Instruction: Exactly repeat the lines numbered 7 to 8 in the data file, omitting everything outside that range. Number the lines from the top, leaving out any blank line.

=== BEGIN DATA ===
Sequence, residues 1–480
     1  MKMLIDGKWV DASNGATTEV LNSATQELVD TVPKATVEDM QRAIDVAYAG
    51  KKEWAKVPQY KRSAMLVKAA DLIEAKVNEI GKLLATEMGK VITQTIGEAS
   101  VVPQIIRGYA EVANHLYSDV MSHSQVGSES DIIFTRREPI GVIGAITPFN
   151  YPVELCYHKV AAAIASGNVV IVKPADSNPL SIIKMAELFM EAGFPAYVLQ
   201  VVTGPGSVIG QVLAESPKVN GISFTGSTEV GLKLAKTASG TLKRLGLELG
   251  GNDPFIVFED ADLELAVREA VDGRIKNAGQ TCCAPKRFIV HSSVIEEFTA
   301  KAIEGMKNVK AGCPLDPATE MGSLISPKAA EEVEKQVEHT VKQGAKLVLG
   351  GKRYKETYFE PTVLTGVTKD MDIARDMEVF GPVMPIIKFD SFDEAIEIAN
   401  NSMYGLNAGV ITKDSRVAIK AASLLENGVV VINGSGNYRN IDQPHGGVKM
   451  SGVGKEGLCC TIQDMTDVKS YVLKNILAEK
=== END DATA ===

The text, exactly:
   251  GNDPFIVFED ADLELAVREA VDGRIKNAGQ TCCAPKRFIV HSSVIEEFTA
   301  KAIEGMKNVK AGCPLDPATE MGSLISPKAA EEVEKQVEHT VKQGAKLVLG